A group calling itself “Anonymous Ukraine” boasted this week that it is in possession of 800 million credit and debit card details. In a bid to substantiate the claim, the crew said it had uploaded about 7 million of the cards to file-sharing sites and linked to archives of the data from two Pastebin posts.
These archives, 300MB in size, contained a mix of account details and magnetic-strip information for MasterCard, Visa, Discover and American Express cards, it was claimed. There’s been some speculation that the data was sourced in part from hacked sales tills in Target stores across the US – some senior politicians blame hackers from Ukraine for infiltrating the retail chain’s computers to swipe 40 million or so cards.
“I would continue watching posts from the group, and checking their data dumps for validity,” says Ernest Hampson, technical director for Battelle’s cyber intelligence and counterintelligence group.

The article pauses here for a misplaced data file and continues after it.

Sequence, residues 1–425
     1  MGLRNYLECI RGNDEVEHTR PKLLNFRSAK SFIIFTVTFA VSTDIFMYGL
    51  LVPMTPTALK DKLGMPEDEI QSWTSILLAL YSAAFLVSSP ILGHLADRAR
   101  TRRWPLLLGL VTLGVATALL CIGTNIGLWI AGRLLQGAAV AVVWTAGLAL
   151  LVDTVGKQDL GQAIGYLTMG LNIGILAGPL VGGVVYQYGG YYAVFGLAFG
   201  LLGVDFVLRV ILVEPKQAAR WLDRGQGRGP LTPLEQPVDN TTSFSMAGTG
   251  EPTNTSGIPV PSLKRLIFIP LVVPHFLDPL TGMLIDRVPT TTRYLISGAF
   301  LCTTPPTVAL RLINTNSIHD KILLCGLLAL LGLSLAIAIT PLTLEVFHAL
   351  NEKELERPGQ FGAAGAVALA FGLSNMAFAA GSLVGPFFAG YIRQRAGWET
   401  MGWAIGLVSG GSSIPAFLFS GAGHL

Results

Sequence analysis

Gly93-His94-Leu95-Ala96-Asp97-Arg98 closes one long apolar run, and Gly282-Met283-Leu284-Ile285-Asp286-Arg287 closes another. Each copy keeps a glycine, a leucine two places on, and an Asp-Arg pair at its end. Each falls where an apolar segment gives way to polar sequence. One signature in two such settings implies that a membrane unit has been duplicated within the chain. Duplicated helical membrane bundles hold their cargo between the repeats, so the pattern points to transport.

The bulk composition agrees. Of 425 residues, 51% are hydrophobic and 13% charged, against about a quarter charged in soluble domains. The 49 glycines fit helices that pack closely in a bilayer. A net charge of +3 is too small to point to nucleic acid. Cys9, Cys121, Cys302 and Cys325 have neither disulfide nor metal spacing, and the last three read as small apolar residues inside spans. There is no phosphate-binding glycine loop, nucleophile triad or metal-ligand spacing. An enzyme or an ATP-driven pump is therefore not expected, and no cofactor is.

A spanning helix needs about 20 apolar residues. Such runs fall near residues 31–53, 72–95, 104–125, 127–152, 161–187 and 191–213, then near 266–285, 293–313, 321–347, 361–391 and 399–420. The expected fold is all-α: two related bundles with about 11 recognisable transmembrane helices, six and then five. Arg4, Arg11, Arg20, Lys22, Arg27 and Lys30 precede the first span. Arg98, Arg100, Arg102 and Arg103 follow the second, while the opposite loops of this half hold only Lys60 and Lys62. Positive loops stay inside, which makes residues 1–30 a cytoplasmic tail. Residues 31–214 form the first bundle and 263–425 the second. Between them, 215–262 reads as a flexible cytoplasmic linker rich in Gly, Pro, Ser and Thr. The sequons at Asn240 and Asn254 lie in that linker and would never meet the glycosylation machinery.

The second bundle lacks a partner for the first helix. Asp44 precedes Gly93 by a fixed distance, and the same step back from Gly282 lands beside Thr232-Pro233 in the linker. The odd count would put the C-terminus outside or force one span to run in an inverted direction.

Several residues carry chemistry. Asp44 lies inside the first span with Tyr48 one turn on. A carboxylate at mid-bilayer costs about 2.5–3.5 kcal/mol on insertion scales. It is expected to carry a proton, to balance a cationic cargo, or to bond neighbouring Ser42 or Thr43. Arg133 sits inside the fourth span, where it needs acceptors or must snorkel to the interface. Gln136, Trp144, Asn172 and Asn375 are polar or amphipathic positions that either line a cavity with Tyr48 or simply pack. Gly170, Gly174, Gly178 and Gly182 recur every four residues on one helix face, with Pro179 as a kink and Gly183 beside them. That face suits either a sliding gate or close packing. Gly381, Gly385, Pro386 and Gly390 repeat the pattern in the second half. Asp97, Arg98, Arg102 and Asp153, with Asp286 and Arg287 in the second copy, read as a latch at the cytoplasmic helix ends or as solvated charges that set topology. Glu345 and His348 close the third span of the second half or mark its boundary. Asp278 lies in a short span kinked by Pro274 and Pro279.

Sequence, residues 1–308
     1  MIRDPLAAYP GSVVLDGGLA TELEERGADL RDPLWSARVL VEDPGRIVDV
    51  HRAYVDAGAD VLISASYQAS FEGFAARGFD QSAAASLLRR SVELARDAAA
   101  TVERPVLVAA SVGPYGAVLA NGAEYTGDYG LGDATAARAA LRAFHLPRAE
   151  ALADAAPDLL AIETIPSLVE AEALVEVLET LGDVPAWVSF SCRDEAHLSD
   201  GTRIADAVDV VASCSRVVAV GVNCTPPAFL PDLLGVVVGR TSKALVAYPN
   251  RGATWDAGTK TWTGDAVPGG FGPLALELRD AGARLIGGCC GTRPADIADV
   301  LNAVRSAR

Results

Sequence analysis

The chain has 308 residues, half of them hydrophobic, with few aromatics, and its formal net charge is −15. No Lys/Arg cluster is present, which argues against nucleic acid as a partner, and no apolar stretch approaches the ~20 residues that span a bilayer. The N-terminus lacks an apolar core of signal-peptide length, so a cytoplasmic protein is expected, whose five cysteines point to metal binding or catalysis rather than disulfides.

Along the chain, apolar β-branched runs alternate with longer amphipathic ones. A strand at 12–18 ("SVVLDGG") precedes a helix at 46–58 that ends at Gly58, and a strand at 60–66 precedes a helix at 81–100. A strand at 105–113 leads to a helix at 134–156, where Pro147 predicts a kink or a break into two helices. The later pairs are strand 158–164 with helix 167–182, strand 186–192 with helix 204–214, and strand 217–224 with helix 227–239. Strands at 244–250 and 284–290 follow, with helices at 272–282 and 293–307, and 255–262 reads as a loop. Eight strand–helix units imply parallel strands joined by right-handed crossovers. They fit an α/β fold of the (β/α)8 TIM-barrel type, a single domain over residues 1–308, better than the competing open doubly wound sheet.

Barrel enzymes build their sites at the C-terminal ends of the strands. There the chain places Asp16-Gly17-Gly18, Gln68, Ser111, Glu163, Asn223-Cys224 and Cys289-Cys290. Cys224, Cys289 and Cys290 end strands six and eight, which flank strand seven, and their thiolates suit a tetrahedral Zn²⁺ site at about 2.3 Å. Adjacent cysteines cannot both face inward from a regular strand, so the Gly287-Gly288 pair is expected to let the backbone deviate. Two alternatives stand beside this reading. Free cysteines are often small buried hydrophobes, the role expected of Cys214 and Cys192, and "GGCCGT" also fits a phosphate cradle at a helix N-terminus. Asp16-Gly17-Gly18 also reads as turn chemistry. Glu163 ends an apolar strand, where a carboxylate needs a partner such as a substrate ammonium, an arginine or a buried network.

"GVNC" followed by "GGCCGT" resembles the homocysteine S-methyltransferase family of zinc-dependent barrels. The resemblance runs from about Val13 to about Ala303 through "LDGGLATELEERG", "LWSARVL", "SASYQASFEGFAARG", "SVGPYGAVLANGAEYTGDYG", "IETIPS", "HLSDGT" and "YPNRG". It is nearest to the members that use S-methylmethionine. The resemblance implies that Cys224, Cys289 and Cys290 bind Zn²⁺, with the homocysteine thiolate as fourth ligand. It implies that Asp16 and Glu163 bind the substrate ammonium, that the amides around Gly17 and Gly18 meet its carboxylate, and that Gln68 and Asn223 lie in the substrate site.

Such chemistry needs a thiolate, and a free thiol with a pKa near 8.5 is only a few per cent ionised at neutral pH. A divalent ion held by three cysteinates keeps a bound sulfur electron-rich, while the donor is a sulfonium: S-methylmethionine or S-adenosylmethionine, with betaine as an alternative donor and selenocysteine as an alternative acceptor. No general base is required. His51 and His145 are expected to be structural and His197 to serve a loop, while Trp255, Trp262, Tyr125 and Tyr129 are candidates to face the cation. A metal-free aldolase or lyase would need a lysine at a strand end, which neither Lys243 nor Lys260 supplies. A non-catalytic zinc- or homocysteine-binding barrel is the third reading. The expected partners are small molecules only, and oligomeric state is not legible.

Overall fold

“It’s really important to keep an eye on your enemy, find out what they’re interested in, what their motivation is, what their capabilities are,” Hampson says. “You have to have somebody out there watching the adversarial groups, watching inside these forums where they gather, and discuss and trade research back and forth, and discover where they’re going next before they get there.”
The Ukraine has in recent years repeatedly been referred to as a “cybercrime haven”, so if it’s a smear it’s a well-placed one. However, Russia has its own escalating problems with this type of criminal activity. Just last year US authorities uncovered a seven-year-long fraud ring responsible for $300 million (£180 million) of costs to companies. The perpetrators — who disabled anti-virus software on a victim’s computer — were mainly based in Russia, with a Ukraine-based hacker helping hide their activities.
In January of this year, a report from Russia’s Interior Ministry noted that telecommunications and computer technology crimes had risen in the country by 8.6 percent in 2013, during which time attacks that would have cost the public $28 million (nearly £17 million) were scuppered.